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Scorecard
August 17, 1998
College Baseball Low-Flying Bats
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August 17, 1998

Scorecard

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Martin Panza, Hollywood Park's 34-year-old racing secretary, probably never had a better idea in his life. While eating dinner with two other track executives last December, Panza marveled at the excitement generated by that day's paltry $73,755 carryover on the pick six, a wager on the winners of six successive races. If railbirds got that worked up over such a shallow pool, he thought, what would they do if the water were deeper?

After six months of aggressive promotion, Hollywood Park guaranteed a $1 million pick-six payout on June 14. That day a track-record $3-3 million was wagered on the pick six, and the card's total handle was more than $18.5 million, the largest at Hollywood Park for an event other than a Breeders' Cup or a day that included a simulcast of a Triple Crown race. When Hollywood guaranteed a $1.5 million pool on July 18, the handle rose to $3.8 million for the pick six and nearly $19 million for the day. "It was like sharks feeding," says Hollywood marketing director Keith Chamblin. "All we had to do was throw more chum in the water."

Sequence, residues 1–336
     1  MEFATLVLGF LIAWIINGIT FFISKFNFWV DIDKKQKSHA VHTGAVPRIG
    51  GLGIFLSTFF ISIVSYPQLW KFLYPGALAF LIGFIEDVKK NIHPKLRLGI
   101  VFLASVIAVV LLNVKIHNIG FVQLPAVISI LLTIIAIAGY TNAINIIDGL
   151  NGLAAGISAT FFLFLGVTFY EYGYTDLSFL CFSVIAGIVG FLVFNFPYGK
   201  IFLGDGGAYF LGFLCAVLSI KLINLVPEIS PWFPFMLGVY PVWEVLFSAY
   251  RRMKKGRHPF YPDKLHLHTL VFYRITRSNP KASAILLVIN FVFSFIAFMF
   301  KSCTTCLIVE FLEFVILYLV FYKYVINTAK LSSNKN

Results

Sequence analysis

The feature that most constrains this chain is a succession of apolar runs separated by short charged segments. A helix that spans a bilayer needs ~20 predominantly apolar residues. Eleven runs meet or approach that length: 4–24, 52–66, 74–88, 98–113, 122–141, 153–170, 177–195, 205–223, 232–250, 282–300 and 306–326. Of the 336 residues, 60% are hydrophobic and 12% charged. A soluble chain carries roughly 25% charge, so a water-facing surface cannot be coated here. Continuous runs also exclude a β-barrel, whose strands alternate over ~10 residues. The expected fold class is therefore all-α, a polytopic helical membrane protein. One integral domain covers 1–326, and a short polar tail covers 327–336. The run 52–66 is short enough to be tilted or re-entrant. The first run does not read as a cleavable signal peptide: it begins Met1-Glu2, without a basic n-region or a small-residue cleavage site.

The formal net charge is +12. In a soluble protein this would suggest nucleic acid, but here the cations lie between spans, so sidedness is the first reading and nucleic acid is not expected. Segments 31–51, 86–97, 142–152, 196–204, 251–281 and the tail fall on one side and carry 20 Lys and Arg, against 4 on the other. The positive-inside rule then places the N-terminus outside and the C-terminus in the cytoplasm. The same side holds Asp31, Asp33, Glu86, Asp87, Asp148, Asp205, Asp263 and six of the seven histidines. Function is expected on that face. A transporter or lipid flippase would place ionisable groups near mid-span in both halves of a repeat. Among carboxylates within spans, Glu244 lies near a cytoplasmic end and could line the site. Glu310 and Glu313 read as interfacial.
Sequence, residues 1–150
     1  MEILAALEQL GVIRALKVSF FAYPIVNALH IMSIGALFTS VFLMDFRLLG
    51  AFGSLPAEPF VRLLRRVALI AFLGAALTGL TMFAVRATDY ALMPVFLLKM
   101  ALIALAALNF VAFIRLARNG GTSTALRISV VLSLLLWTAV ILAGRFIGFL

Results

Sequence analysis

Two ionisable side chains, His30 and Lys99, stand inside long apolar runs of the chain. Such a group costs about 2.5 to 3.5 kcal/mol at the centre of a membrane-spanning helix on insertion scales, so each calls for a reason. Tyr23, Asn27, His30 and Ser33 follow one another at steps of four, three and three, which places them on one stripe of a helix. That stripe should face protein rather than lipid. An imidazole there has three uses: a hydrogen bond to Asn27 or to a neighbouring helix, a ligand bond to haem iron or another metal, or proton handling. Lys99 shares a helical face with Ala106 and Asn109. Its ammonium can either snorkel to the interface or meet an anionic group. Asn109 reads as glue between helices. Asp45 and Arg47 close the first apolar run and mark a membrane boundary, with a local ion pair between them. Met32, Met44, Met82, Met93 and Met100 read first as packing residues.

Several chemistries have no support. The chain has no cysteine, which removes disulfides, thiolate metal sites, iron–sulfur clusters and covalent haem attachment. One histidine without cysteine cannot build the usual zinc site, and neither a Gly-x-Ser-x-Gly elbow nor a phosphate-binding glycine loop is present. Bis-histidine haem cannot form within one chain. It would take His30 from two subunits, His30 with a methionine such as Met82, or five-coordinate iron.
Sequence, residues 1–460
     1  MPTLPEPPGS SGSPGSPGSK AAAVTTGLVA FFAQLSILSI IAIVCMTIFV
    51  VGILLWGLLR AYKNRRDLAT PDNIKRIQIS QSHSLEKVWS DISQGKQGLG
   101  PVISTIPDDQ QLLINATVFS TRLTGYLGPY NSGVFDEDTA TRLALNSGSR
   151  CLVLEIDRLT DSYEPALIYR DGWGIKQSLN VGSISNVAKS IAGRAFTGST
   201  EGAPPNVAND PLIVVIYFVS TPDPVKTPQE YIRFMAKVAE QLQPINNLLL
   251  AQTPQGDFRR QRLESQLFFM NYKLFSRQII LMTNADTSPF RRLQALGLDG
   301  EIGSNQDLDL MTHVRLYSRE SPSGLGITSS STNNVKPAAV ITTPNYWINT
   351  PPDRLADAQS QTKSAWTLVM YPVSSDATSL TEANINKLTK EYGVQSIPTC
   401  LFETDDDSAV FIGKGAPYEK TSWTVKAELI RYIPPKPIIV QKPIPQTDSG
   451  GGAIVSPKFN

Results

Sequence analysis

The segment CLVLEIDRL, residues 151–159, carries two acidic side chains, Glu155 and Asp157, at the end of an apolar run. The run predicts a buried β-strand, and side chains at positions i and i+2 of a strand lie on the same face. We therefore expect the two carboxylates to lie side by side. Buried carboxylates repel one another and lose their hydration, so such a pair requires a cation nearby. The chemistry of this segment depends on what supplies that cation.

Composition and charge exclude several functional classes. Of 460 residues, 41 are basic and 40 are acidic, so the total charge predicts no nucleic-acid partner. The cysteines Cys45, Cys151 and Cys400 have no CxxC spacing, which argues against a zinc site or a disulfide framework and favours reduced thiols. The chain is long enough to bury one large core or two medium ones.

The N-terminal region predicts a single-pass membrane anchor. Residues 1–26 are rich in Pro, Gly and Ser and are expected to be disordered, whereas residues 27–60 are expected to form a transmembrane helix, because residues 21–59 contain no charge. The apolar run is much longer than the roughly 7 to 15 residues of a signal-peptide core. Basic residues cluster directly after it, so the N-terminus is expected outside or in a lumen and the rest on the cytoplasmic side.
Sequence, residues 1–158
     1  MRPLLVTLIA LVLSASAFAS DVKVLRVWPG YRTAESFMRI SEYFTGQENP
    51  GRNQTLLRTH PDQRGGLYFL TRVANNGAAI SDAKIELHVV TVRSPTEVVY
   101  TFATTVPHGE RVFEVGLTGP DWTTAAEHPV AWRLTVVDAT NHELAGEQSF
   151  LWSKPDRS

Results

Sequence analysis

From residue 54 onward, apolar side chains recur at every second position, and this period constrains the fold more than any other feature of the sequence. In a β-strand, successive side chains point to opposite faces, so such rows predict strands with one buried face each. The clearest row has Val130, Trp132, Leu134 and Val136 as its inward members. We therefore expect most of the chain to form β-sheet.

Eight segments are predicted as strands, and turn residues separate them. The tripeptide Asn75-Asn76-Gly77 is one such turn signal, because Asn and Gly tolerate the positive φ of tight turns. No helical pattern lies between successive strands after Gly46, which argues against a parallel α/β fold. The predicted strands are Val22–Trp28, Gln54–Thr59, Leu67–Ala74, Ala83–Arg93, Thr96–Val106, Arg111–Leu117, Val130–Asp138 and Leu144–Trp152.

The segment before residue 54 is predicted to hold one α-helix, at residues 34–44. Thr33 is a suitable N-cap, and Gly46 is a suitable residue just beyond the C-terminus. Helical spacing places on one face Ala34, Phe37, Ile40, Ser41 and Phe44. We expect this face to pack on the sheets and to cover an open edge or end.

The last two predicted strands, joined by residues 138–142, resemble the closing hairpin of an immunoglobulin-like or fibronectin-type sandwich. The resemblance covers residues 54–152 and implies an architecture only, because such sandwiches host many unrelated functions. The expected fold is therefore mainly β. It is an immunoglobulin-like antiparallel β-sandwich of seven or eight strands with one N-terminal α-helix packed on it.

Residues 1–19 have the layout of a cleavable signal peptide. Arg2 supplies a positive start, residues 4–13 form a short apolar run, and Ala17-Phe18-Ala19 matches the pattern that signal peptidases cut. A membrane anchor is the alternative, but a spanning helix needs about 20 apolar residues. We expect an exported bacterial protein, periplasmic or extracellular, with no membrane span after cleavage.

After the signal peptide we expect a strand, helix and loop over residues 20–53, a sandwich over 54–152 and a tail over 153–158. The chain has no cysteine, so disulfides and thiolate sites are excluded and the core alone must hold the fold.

At a time when race tracks all over the country are trying to bolster slipping attendance, Hollywood's experiment is a reminder that the prospect of a mammoth payoff is a powerful lure even for regular gamblers. Call it the Powerball phenomenon: Unlike giveaways of T-shirts or Beanie Babies, this promotion draws the hard-core fans who are more likely to return to the track. "The pick six is a cerebral bet," says William Nadler, director of promotions for the New York Racing Association. "People will spend hours and hours trying to put together a winning ticket."

No one suggests, however, that mental stimulation is the main draw. Says Washington Post racing columnist Andrew Beyer, "I don't think there are many things that can excite the imagination quite like a million dollars."

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